When comparing user retention across app categories, Health and Fitness apps are clearly leading the pack: 30 days after its initial installation and launch, almost 50% of Android users are still using a Health and Fitness app. Weather apps come in second with a 30-day retention rate of ca. 35%, News & Magazines apps rank third with ca. 27%:
These numbers, published by Yahoo-owned Flurry Analytics in May 2016, are encouraging for everyone in the digital health space. However, the Health and Fitness category covers a wide spectrum of apps, from 7-minute workouts to medical devices. So how about a more narrow definition of Health apps as apps supporting managing a health condition? As IMS Health analysed in 2015, ca. 24% of the apps available support disease and treatment management:
How do these more narrowly defined health apps perform in terms of loyalty? Data for this subgroup is not easily available. On the contrary, for privacy reasons these apps are most likely (and perhaps hopefully) underpresented in Flurry’s data: Flurry has historically not been the go-to destination for apps handling sensitive user data, not lastly due to Steve Jobs‘ very explicit disapproval. Nevertheless a look at Flurry’s data supports this believe: On its second axis of app loyalty, the frequency of use per week, Health and Fitness apps score 3 uses per week:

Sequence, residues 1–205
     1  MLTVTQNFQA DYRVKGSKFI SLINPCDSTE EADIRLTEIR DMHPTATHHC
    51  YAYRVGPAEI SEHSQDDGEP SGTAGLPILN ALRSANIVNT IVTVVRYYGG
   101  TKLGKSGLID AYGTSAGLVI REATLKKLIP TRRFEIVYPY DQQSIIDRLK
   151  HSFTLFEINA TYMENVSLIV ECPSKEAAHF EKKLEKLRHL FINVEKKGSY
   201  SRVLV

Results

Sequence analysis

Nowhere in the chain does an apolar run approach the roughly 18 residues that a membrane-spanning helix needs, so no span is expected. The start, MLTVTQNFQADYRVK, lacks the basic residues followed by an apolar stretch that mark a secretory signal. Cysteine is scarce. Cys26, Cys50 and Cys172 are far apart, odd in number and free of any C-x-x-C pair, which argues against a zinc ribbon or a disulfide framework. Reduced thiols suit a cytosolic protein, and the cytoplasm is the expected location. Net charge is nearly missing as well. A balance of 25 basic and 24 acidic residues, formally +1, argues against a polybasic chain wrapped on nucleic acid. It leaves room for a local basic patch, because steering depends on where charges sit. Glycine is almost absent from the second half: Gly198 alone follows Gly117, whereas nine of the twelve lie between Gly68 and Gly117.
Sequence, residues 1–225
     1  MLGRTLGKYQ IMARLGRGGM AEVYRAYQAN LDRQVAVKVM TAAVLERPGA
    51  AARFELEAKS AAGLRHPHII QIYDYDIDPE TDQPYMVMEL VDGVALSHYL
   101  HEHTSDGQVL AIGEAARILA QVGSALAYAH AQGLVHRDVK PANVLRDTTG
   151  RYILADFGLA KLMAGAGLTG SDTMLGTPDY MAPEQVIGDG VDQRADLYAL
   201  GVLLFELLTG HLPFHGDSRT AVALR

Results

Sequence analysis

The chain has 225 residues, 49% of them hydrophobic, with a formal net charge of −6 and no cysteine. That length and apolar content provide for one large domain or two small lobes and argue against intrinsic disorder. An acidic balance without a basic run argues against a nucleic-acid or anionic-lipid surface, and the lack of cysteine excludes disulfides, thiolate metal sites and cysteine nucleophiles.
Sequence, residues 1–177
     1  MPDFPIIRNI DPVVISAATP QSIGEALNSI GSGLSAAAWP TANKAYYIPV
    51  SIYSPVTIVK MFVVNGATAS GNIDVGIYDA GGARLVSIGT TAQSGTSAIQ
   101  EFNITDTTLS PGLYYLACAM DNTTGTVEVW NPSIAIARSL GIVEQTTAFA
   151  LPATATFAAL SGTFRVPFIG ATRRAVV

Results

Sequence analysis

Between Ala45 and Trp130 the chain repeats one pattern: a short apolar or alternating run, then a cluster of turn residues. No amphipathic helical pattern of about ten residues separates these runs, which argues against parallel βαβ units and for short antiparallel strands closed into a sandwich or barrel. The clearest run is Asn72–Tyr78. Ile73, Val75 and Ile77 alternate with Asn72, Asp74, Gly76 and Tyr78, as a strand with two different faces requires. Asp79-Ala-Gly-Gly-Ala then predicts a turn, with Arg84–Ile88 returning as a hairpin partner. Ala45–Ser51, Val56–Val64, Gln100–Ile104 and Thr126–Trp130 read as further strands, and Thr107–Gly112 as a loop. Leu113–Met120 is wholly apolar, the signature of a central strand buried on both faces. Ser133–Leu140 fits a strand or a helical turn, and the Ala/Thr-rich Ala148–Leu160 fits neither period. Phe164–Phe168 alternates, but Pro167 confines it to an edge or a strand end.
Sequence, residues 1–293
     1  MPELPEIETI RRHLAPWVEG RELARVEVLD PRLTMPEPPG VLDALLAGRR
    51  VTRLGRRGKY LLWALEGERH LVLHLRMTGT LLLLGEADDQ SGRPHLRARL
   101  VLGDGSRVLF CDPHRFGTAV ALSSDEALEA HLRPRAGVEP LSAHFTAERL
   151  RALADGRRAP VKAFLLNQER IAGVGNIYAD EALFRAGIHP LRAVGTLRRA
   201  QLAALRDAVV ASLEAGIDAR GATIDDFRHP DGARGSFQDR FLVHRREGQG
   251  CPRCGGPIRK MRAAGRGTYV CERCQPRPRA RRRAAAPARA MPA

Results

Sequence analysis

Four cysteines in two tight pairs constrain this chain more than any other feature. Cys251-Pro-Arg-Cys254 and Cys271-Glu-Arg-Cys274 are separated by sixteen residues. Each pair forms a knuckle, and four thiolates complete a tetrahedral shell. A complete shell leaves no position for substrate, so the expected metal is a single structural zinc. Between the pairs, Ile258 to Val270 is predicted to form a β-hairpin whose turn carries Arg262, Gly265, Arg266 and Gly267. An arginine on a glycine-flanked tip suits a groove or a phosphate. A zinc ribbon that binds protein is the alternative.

Given that disease management apps center on use cases like medication management, this number appears low.
The upshot? From all data available, digital health apps can engage their users for an unrivalled period of time. In particular for the subcategory of disease management apps, this most likely goes along with a very high frequency of use, often more than once a day. Beyond that, drawing conclusions from aggregate benchmarks proves hard for an app category with use cases as specific as we find them in digital health.